On Friday March 2nd a snowmobilier triggered an avalanche in the Blue Lakes area near Carson Pass. According to KRNV News 4 Reno, the sledders friends were able to find him with their beacons and probes, and dig him out from 3-4 feet of settled snow debris. It was unfortunate that upon retrieving the body “the victim was obviously deceased.” The victim in this incident was a 35 year-old resident of Minden, NV, Daniel Kuhner.
Unofficial offers sincere thoughts and condolences to friends, family, and all involved in this incident.
Members of the Sierra Avalanche Center (SAC) went out to further investigate this incident on Monday, March 5th (above photo). Here’s the most recent observation video they’ve posted:
As you can see and hear from the SAC representative the Tahoe backcountry has been plagued by the combination of a persistent weak layer and up to five feet of new snow that has now claimed the lives of two people. I know you’ve heard it a lot in the past few days, and it’s something you must always be aware of, but please be extremely careful out in the Sierra backcountry right now. Even though our local snowpack danger has been downgraded and a similar advisory has been issued by The Eastern Sierra Avalanche Center , there has been a great deal of instabilities going on throughout the greater Sierra Nevada snowpack this past week.
These are a few highlights from today’s avalanche advisory that are of note, although you can and should read the whole report linked here. “Large human triggered deep slab avalanches remain possible today both above and below treeline on NW-N-NE aspects. Areas near exposed rock outcrops and other similar trigger points are locations where triggering a deep slab avalanche is more likely. Observations are showing increasing variability regarding the stability of this weak layer around the forecast area. Locations of stable observations are often not very far away from locations indicating significant ongoing instability. Exercise caution and conservative decision making as it is easy to travel from areas of stability to areas instability over a short distance.”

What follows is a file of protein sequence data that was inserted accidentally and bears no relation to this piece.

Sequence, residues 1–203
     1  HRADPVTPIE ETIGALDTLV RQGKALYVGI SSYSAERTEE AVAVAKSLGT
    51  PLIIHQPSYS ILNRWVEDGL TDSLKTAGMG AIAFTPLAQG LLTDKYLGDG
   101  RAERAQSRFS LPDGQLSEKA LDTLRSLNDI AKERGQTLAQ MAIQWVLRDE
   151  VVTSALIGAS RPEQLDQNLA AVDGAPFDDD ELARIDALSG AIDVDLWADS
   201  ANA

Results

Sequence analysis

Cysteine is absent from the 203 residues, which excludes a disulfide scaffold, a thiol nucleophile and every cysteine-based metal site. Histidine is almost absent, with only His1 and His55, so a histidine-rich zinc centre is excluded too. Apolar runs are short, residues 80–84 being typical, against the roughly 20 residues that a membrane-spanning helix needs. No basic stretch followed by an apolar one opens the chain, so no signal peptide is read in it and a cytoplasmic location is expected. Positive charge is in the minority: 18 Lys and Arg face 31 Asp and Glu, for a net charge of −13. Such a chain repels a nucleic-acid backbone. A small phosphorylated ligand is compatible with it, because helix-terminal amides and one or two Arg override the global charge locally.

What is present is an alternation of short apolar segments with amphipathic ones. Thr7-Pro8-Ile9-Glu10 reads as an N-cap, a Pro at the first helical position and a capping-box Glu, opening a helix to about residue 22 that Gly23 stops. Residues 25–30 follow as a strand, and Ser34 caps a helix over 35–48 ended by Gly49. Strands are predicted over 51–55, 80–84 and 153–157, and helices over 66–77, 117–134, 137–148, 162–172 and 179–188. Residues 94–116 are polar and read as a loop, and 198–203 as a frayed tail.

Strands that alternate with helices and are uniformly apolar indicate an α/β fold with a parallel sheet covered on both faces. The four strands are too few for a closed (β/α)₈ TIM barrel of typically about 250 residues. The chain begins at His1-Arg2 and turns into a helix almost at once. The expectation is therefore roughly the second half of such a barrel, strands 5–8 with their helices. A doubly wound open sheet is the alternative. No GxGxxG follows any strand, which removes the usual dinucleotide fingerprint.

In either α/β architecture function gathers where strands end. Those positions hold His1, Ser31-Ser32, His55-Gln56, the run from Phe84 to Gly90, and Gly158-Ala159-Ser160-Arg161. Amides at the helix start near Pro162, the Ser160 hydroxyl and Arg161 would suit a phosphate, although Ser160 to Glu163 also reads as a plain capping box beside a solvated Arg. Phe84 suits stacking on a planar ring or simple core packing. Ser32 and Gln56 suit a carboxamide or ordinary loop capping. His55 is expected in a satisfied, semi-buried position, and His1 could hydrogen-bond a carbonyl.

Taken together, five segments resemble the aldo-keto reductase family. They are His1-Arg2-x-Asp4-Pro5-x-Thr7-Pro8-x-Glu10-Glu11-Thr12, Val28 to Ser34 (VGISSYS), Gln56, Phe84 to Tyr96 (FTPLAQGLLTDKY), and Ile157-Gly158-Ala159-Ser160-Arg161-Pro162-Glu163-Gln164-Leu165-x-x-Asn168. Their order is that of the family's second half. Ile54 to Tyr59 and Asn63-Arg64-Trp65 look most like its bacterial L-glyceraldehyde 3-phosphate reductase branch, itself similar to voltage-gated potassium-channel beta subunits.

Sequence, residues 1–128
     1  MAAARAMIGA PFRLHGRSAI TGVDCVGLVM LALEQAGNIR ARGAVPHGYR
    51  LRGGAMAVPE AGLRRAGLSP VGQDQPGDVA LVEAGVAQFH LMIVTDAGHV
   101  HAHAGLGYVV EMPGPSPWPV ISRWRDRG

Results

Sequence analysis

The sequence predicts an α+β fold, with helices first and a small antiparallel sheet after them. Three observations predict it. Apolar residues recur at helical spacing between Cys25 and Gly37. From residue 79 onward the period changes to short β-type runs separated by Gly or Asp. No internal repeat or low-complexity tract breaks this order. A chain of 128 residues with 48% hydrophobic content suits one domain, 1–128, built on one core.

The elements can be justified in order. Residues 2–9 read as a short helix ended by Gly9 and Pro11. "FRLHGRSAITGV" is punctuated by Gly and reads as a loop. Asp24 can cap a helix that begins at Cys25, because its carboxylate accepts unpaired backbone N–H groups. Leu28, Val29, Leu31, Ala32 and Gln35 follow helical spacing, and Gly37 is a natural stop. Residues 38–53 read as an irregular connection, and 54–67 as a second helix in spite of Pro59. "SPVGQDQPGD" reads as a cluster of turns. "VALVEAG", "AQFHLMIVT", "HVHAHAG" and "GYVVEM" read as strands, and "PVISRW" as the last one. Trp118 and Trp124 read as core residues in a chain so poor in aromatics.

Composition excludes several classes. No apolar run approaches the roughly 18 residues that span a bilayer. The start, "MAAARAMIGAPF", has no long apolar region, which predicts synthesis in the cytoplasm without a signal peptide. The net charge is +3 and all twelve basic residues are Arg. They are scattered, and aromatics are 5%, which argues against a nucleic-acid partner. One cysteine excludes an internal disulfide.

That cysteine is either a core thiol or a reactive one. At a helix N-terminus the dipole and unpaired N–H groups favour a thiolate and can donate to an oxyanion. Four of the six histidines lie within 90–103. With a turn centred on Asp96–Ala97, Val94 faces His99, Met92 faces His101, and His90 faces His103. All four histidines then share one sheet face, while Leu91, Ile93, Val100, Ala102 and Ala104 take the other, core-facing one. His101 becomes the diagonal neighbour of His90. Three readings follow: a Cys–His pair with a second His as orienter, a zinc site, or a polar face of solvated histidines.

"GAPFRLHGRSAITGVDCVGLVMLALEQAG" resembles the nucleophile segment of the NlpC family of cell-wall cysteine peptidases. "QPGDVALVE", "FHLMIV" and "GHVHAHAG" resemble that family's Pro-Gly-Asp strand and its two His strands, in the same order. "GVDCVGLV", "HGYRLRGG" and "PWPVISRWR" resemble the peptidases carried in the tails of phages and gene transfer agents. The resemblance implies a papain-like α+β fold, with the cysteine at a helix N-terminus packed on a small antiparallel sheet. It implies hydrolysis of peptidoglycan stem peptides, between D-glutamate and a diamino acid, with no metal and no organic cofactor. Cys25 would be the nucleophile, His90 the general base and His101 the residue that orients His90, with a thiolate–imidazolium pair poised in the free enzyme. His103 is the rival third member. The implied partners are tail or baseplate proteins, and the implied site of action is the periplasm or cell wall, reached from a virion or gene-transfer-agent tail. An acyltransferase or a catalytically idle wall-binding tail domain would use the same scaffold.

Translation, you might perform a stability test that tells you there’s reasonably safe terrain to ski. However, several feet away that same slope angle and aspect might be volatile. Right now it’s not that simple to locate where the safer terrain to ride is since such variability exists with regard to stable slopes. Things will change once again as a current system impacts our area with cold temperatures, high winds, and light to potentially moderate precipitation through most of Tuesday. The winds will be gusting through Wednesday, but take note that the direction is forecasted to shift from SW to W to E by Wednesday.
You can read more about this incident and follow the evolution of our current snowpack at the SAC site linked here.